With COVID-19 now rewriting how we’re working for the foreseeable future, many American businesses are trying to navigate how to successfully continue on with a fully remote workforce.
Fortunately, there are many things that business owners and managers can do to make this transition and extension of the workplace easier on their employees and maintain a positive culture for everyone.
While many states are currently adapting slightly varied mandates and suggestions about working, one thing remains clear: The Centers for Disease Control are encouraging all those who can self-isolate to do so, and stay home.
Whether your business has already made this transition or is anticipating it soon, one of the first things to do is to ensure that all remote employees have the right equipment and access required to successfully continue working from home.
Studies of traditional workplaces show that outdated and/or malfunctioning equipment not only creates stress, it also reduces morale. Giving employees the opportunity to take home any equipment (computers, printers, laptops, tablets, etc.) that they would normally use, as well as any furniture they may need, is a great way to help establish a comfortable and familiar office space.
In conjunction with this, employers can also help employees take any necessary steps to stay connected. In a busy office setting, internet and phone access is a given, but in a home setting, it may not always be the case. Employees may be challenged by this, and providing temporary hot spots, signal boosters or other equipment will not only maintain productivity, it also shows support for your employees.
Additionally, if your business is relying on new technology to communicate internally as well as with customers, make sure your employees are comfortable and competent in using video conferencing, electronic meet-up rooms, etc. Doing a quick check-in to answer any technology related questions lets your staff know that you are concerned and want their remote communication to be effective, professional and worry free.
Many people now working from home are finding themselves in a somewhat cramped and chaotic environment, with the possibility of multiple people in the home at one time. Recognizing that home and work life are not only merging, but co-existing, will go a long way in maintaining a positive, supportive culture for your workforce.
Keeping video and other online meetings brief, focusing on email communications and providing a little more flexibility in scheduling is something that all employees will appreciate as they juggle their work life and home life. Focusing on the end result of a task being completed rather than when it is completed, is also helpful. Allowing employees to extend and/or modify their workday hours to meet deadlines can help with time management, and lower stress levels.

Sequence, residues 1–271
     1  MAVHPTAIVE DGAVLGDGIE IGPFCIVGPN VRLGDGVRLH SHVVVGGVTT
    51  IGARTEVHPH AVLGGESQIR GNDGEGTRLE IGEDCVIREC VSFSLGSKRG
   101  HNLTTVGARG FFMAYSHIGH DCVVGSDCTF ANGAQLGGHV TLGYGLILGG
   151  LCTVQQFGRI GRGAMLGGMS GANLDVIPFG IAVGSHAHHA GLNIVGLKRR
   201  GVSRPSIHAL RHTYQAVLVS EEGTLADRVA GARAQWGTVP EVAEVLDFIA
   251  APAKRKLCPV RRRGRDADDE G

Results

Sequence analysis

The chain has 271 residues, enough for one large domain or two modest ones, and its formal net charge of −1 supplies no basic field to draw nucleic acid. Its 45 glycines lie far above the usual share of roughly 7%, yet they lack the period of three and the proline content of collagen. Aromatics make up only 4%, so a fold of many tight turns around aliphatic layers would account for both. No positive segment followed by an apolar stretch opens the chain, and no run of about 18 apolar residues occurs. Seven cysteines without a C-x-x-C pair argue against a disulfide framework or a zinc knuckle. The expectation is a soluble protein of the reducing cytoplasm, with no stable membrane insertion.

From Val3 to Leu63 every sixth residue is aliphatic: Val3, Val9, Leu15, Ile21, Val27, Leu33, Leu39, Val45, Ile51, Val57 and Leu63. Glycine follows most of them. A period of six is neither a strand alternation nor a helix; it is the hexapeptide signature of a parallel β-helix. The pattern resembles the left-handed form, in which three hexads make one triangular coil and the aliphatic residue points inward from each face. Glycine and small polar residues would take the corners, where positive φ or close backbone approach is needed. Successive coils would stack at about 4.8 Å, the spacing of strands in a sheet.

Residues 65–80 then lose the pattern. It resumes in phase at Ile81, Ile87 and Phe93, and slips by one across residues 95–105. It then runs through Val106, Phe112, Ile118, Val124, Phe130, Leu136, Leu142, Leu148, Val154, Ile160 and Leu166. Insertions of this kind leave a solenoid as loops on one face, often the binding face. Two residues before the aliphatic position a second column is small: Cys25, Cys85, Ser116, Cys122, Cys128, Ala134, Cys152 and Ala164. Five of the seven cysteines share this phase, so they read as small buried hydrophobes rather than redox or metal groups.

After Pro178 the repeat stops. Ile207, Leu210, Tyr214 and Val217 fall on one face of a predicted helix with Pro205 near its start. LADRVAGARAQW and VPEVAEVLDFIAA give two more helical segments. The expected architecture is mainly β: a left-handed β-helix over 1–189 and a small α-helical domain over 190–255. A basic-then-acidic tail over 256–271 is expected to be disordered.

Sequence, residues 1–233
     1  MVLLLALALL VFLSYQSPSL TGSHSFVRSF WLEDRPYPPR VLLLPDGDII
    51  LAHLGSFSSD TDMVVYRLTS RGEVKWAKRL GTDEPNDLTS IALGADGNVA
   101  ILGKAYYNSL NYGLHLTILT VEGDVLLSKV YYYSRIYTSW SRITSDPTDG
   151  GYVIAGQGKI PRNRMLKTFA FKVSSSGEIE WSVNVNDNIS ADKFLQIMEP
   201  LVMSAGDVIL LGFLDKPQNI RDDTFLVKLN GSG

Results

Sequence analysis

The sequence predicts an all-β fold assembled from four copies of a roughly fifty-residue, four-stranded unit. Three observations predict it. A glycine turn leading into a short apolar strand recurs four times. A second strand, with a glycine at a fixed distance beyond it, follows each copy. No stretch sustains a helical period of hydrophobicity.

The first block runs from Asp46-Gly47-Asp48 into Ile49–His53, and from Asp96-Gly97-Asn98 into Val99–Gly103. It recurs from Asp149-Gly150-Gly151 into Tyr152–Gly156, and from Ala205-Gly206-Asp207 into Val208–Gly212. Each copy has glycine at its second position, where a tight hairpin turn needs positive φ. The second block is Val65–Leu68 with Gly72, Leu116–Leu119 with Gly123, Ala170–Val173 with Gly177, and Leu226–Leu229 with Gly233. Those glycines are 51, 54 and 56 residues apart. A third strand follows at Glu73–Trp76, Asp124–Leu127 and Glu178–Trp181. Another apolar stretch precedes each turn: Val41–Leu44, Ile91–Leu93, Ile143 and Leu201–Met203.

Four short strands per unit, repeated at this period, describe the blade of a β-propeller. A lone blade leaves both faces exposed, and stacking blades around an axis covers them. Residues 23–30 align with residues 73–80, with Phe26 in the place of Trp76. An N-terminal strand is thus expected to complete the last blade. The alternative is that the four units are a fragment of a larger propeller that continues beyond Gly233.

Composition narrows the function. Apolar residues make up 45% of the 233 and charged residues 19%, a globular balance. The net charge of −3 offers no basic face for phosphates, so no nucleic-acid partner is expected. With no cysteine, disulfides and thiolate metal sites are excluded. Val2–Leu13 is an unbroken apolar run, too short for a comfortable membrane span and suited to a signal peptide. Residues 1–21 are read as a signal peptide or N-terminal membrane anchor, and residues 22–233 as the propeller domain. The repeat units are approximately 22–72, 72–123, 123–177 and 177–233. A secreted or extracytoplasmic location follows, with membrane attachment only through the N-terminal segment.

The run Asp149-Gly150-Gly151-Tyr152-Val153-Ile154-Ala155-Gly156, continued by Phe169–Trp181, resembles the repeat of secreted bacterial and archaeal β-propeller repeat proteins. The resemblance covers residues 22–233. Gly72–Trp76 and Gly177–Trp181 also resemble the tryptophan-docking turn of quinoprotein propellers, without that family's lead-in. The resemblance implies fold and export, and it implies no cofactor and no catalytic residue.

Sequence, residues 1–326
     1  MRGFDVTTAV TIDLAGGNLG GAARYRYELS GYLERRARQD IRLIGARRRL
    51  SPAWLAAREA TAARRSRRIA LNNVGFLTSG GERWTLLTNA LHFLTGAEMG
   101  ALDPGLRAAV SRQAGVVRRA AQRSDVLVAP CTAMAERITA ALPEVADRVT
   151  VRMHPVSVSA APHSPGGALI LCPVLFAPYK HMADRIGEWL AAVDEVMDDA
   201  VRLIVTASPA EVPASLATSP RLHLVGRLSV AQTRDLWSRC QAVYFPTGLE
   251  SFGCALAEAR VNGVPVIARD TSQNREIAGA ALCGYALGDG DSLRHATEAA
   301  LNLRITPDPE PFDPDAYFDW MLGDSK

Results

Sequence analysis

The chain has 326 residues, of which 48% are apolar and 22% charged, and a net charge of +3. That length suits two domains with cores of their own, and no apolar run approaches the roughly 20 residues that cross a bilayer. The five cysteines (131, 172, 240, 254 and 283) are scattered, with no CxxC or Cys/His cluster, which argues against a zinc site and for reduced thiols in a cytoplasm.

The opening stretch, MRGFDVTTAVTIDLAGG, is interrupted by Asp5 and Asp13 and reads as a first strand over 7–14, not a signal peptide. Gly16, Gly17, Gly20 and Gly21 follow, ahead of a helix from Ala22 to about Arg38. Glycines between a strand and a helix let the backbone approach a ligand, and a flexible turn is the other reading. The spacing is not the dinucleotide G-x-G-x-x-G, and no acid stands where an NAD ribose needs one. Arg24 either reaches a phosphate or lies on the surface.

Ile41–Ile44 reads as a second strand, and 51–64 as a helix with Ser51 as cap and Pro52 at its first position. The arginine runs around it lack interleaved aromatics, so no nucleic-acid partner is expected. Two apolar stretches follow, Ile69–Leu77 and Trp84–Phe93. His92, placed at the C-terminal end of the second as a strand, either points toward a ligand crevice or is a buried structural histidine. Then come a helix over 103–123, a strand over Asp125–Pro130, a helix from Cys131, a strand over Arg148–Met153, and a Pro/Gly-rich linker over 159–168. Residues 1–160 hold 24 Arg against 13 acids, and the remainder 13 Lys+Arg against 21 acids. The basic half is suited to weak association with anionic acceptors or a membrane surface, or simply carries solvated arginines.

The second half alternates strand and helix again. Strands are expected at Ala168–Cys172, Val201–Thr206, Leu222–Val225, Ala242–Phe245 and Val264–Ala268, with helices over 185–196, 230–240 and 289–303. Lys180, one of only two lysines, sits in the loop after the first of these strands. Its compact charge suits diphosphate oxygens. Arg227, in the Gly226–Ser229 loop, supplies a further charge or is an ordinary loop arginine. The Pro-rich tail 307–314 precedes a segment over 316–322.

For example, you may have an employee who also has children remotely attending school from home, as well as a spouse or partner at home. In these homes, everyone can be staking claim to computers, wifi and workspaces at the same time. Your employee may find that the best time to work is early in the morning or later in the evening when the rest of the family is preoccupied with other activities. Offering the ability to flex those at-home hours can be quite helpful for remote employees under the current conditions.
Additionally, giving employees the ability to step away from the job, even for short periods of time, can help them recharge their batteries during these stressful times. Everyone is trying their best to navigate this new normal during the COVID-19 pandemic, and sometimes life can get overwhelming.
Finally, as in a traditional workplace setting, employees still want to feel valued and appreciated. There are many ways that this can be done remotely and without significant effort:
- Regular individual and team recognition for a job well done through a group email.
- A direct email that recognizes when an employee puts in extra effort or helps out a coworker is a great way to show your appreciation and keep workplace culture positive.
- Regular sharing of remote work anecdotes that others on the team can appreciate and identify with during these unusual working conditions. Everyone is in the same boat right now and humor is the best medicine!
- A quick handwritten card, sent via US mail, or even a small token gift sent to employees’ home addresses, can be a morale booster. Investing in a packet of coffee, a coffee mug, flowers, and even something with the company logo can be a great way to remind employees that their work is appreciated.
- When employees are allowed to return to the workplace, schedule a team activity that recognizes the effort everyone contributed to keeping things running smoothly.
Nationwide, American businesses and their employees are adjusting to remote workplaces. While this situation may be short-term, American businesses owners and managers are likely to gain some positive knowledge in learning how employees can successfully work remotely. If done right, some businesses may find that they don’t even need a physical office after all.